For Jen’s birthday I had half a Captain Jack’s Buried Treasure from the Palm Beach Alehouse. It’s an Oreo/Heath Ice Cream Pie served over hot fudge (750 calories for half of it; Jen and the kids had the other half.) I’ve never lost weight so easily and felt great and satisfied. Most nights I finish my eating for the day with a 100 calorie chocolate/crunch wafer and a glass of whole raw milk. It doesn’t get much better than that.
Don’t do a Cheat Day; Refeed instead
One of the major mistakes a lot of people make on their diet is a cheat day. I know people who have eaten 4000 plus calories on their cheat days. That undoes an entire week of dieting. Instead, you should do a refeed day. On the reefeed day, you increase your calories by about 500-600 calories. Most of your calories should come from carbohydrates. First, this feels (and tastes) awesome. Second, the increased carbohydrates support leptin production by fat cells. Leptin is a hormone that promotes satiety and encourages fat cells to give up fat instead of storing it.
Umm, The exercise?
Right. So, reasonably active means you do some physical exertion at least six days a week. If you have a strenuous day job (e.g., construction, beach attendant), you don’t really have to do anything else. Ideally you would do a strength workout 3 days a week for 30-45 minutes, and then do some light/recreational cardio on the off days. For me, working out with weights 3 times per week and and walking for about an hour on the days I don’t lift weights. I usually walk at night after the kids are in bed and listen to podcasts or play Castle Clash.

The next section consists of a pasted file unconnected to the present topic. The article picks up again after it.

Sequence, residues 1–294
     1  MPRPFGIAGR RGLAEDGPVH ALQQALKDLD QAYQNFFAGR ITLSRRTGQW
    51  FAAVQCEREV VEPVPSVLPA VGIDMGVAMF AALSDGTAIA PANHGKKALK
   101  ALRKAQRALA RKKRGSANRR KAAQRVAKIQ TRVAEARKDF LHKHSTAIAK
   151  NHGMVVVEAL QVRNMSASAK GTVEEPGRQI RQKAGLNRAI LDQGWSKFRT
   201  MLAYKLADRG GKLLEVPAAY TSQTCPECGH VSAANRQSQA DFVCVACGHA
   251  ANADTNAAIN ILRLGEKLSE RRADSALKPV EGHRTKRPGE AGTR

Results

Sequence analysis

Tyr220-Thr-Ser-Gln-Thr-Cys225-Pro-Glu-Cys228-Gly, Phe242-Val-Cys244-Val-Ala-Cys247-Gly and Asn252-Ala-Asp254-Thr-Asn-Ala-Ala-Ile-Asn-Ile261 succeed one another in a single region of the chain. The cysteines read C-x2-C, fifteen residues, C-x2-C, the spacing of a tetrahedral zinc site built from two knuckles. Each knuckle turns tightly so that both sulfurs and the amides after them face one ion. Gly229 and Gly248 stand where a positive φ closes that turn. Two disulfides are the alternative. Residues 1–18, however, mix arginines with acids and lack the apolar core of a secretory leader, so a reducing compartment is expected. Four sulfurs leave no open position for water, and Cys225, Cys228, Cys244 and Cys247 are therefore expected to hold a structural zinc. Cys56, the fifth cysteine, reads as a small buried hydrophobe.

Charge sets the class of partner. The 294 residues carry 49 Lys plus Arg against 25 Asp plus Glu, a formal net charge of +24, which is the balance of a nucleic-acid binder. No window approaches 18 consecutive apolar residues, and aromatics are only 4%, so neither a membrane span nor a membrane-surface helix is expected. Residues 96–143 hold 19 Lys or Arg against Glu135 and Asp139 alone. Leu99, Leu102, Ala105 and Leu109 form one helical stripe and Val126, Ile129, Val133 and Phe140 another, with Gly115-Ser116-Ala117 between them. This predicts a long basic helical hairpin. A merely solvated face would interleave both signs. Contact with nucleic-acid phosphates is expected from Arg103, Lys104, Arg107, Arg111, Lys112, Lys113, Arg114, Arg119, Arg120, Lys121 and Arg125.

Some people are a little more addicted to exercise and want to do something higher intensity. High intensity Interval training (HIIT) is a good choice for these people. Sprints, hill sprints, bike sprints, jumping rope are good HIIT activities. The key is you don’t have to sweat much if you don’t want to; 45 minutes of walking will do you just fine.
How long will it take to see results?
The answer is it depends. If you have 60 pounds to lose, you’re going to see faster and more dramatic results than if you only have 10 pounds to lose. If you’ve already been dieting, it might take longer to lose weight. If you’re coming off a low carb diet, you’re actually going to gain weight at first while your body restores it’s glycogen storage.
If you’re completely out of shape, you’re going to actually build some muscle, so you might not see your weight go down at first, but you may notice that your clothes are looser. It’s a good idea to measure waist, biceps, and neck circumference for a men and waist, hips, thighs, and bust for women. Before and progress photos are also helpful.
If you’ve already been dieting and losing weight, it’s a good idea to eat maintenance calories for two weeks to kind of reset your metabolism and hormones before going on the calorie restriction. In my case, I had only been dieting for three weeks, so I went straight into flexible dieting, but because I was on the Atkins (low carb) diet, I gained 3-4 pounds and then dropped 8 pounds in the next 2 weeks.
So in general, if you’re starting from nothing, you should see pretty good results within 2-4 weeks. If you’re not seeing anything at all within 2 weeks, try lowering your calories by 200 a day for 2 weeks. If you’ve already been dieting/working out, things may be slower, so give it four weeks before you start mucking around. If you’re consistently hitting your calories and protein, and are reasonably active, you’ll lose weight.
Where can I learn more?
I’ll be posting updates over the next few weeks and months as I continue this journey to buffness. If you want me to e-mail you updates, just fill out the form below.